I’ve always enjoyed the concept of an open-faced sandwich for one reason or another. In my early years when anything more exotic than hamburger was disdained, I appreciated their openness, allowing for easy inspection of the meal. As an adult, I enjoy the respectability factor of the open-face. That is, the ability to legally eat with your fingers and not get sent to your room, even if you really make a mess.
And finally, from a parent’s perspective, you have to appreciate how easily open-face sandwiches become a meal. They are profoundly easy to assemble: bread or toast, topped with something tasty and satisfying — I can usually cull at least half a dozen likely topping candidates from pantry and fridge. Then, bam! What’s a parent not to like when it comes to assembling quick and simple meals for the kiddos before heading off to soccer practice?
Tuna and cheese — with some zesty condiments stirred in if the young palate will tolerate it — spread on whole wheat bread and broiled until the cheese has melted into a caramelized goodness is a great stand-by. Throw avocado slices on top for a healthy, trendy touch.
Then there’s the Baloney boat, conceived by my father in desperation as deputy chief cook, while mom was at PTA: slap a slice of baloney on bread, slide it into the oven to broil until the bread turns golden around the edges and the baloney amazingly curls upward, forming a circular boat. This became the perfect vessel for just a slice of cheese (back under the broiler for a few minutes to melt the cheese) and a dollop of mustard. Kids are wowed by such simple culinary cleverness.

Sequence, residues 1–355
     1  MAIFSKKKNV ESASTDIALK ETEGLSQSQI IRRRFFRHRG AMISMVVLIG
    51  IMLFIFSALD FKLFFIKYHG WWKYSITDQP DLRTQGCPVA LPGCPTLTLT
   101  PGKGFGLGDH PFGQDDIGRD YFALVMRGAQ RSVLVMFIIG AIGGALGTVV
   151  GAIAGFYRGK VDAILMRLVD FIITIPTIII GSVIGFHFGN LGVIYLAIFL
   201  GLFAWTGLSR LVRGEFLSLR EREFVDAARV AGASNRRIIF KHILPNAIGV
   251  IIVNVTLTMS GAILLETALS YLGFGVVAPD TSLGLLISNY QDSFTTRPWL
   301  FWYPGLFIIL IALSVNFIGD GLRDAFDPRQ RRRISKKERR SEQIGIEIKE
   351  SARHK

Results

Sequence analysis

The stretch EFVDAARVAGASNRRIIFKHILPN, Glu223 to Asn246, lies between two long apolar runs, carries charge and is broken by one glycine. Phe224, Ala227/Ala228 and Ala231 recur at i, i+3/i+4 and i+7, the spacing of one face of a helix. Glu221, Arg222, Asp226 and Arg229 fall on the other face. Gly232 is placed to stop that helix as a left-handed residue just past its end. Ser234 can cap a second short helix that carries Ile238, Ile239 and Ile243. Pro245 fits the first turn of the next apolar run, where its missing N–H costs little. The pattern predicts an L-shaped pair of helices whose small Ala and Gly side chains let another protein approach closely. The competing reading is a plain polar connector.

But for Take Me Back to a Kinder More Genteel Time, my all-time favorite open faced sandwich has to be the Welsh Rarebit. On many Sundays, my grandmother (who lived with us) would host her two sisters, my great aunts Meg and Joey, for lunch. If there was no left-over roast beef or chicken to make into some sort of mid-day re-past, then the most delectable fall-back offering of all was said Rarebit. I didn’t know that’s what it was called at the time. I had to become an adult Googling the concoction before I figured that out. It always began with the heating of a little milk in a saucepan. Grandma would then sprinkle in some shavings of a hearty Cheddar cheese and stir and stir until it became saucy and smooth. Then she would crack an egg or two into the mixture which initially confounded my sense of how cooking worked, because the immediate reaction of the lovely, creamy cheese sauce as she vigorously stirred and stirred, was for it to curdle into glistening clumps. Sort of like scrambled eggs, but much grainier. And cheesier, of course. Why would someone do that to a cheese sauce? But my first bite explained why. So delicious and satisfying.
She would bring the pot to the table for communal scooping and slathering of the rarebit onto our prepared slices of toast. Worcestershire sauce was available because several dashes of it complemented the cheesy flavor so well.
And that was it. A simple mid-day meal sitting atop a humble piece of toast.
You can do that!